The Gorgeous Nothings: Emily Dickinson’s Envelope Poems

Norse Mythology by Neil Gaiman

The Essential Gay Mystics by Andrew Harvey

Underland: A Deep Time Journey by Robert Macfarlane

The Conspiracy Against the Human Race by Thomas Ligotti

For Small Creatures Such as We: Rituals for Finding Meaning in Our Unlikely World by Sasha Sagan



My Heart is a Chainsaw by Stephen Graham Jones If you were the weird outcast kid who grew up loving all things horror then you may see pieces of yourself painfully reflected in Jade, the tough, traumatized main character in Stephen Graham Jones’ My Heart is a Chainsaw, a love letter to horror if there ever was one. And I know, I know, everyone says that about this book, but it’s so true. Jade, a graduating senior, lives in a nowhere town, has a go-nowhere job, and lives in an internal world of slashers and gore and horror as a self-preservation in dealing with her abusive father, absent mother, and creepy predators everywhere she turns. Jade, convinced that the beautiful new girl in town is a “final girl”, fixates on this character, and in the wake of several murders, becomes increasingly obsessed and excited as she believes that she may be living through a real-life slasher movie in her own town. SGJ’s books are bleak and require a fair bit of patience from a reader, but man are they worth it.

Flowers for the Sea by Zin E. Rocklyn A harrowing fantasy of fate and power and vengeance that reads like “Rosemary’s Baby by way of Octavia E. Butler”, along with some Lovecraftian elements and a desperate mythology all its own, this was a quick, brutal read that I began and finished in the course of one afternoon. Survivors from a flooded kingdom struggle alone on an ark, among them the ostracized, despised Iraxi, pregnant with a child that might be more than human. This is the author from whom a few years ago I purchased my “support black women who write weird shit” tee-shirt and it’s one of my favorites and now she’s out there publishing magnificently weird shit and I am thrilled.

The Girls Are All So Nice Here by Laurie Elizabeth Flynn I keep getting sucked in by books like this, even though I know better. Another tale of people in their late 20s-early 30s looking back on something mysterious and murderous that happened during their time at university. And YES, on the surface, I love these plots, but it’s the characters that populate the stories that make a huge difference to me. Are they weird and prickly and have incredibly peculiar interests? Great, gimme gimme! Are they people who are desperate to fit in and be popular and it’s just a bunch of dreck about trying to be liked by everyone while desperately praying that no one sees what a pathetic loser they are? Ugh! I need more books about pathetic losers finding their own people and being fun, sociopathic pathetic losers together and then also add some murder and mystery, and that, for me, is *chef’s kiss.*

Hummingbird Salamander by Jeff Vandermeer Have you been dying to get into Jeff Vandermeer’s brain-bending weird fiction/eco-horror, but were perhaps intimidated by his non-linear games with time and sometimes abstract storytelling to really give it a shot? I feel like Hummingbird Salamander might be “Vandermeer-lite”, and maybe a good place to jump in. It’s still got those familiar themes of nature, power, and persistence, sand ecrets and isolation, but the structure is almost that of a detective noir mystery and it may be easier to follow along. A security consultant, “Jane Smith,” falls down a paranoid rabbit hole of eco-terrorism conspiracies and illegal wildlife trafficking after a barista chases her out of a coffee shop to hand her a random envelope. Vandermeerity ensues.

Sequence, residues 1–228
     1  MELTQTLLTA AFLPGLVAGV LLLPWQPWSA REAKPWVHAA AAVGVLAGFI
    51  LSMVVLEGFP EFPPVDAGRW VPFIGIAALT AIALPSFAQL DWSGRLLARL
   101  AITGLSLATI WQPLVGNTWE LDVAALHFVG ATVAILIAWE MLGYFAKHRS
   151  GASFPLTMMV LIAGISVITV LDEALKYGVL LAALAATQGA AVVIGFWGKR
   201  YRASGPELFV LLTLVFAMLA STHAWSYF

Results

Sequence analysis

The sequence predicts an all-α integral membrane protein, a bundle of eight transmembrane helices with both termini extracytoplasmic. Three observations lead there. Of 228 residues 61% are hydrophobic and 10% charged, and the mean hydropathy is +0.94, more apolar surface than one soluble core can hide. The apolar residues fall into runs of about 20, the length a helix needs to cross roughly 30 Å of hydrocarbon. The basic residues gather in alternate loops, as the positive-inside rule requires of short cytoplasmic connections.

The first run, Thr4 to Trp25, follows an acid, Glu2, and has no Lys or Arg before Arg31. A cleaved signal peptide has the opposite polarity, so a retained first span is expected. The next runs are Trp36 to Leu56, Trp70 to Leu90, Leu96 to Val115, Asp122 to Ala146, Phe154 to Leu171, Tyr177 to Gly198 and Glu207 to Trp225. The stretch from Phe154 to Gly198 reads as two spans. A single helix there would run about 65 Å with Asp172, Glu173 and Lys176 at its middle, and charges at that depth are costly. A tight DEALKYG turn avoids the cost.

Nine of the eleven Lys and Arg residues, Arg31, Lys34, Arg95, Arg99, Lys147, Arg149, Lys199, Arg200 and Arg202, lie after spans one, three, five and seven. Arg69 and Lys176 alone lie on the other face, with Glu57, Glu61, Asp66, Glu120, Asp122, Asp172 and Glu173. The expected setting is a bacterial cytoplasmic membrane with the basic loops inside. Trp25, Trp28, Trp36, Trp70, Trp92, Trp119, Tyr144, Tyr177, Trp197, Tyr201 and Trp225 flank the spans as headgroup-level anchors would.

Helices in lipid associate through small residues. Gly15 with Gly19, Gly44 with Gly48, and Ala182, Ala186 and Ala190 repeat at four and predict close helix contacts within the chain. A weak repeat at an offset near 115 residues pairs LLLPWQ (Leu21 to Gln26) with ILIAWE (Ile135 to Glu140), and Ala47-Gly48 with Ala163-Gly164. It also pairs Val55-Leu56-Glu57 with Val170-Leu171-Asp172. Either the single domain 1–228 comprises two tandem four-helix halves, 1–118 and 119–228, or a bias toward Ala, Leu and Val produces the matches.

The Shape of Darkness by Laura Purcell Stricken by an illness that has left her fragile and vulnerable, Agnes Darken struggles to provide for her elderly mother and her beloved orphan nephew Cedric. As the age of the photograph dawns in Victorian Bath, Agnes’ business as a silhouette artist is dwindling, and money is ever more scarce. When her silhouette clients start turning up murdered, Agnes, frantic and terrified, consults Pearl, a young spirit medium. Laura Purcell’s stories are always evocative with rich descriptions and historical details, whether its spiritualism and silhouette making as in this tale, or prisons and phrenology, as seen in The Poisoned Thread (also titled The Corset.) Wintry and eerie and immersive, they are all wonderfully haunting tales for curling up on a chilly evening. Although! I will say that the first of Purcell’s books that I read, The Silent Companions, will forever remain my favorite.

A Touch of Jen by Beth Morgan I first saw this title recommended by Roxane Gay sometime last year. And when Roxane Gay shares reading suggestions, my ears perk up. The kind of story I’ve taking to internally referring to “MFA nightmare-induced weirdness,” A Touch of Jen is about an awkward couple who is weirdly obsessed with one of their former coworkers. They stalk her on social media, they roleplay as her in the bedroom–it’s a little creepy. After running into her they somehow garner an invite as guests on one of her group trips, and things between the couple begin to splinter and fracture as they both become more obsessed in their own, separate ways. In addition to interpersonal weirdness and fucked up relationships, there are self-help cults and actual supernatural things going on in the story (or at least we are led to believe there are) and this is just weird and fun. If you liked Mona Awad’s Bunny, I think you will enjoy A Touch of Jen.

Add Comment

Your comment will be revised by the site if needed.

Discover more from Unquiet Things

Subscribe now to keep reading and get access to the full archive.

Continue reading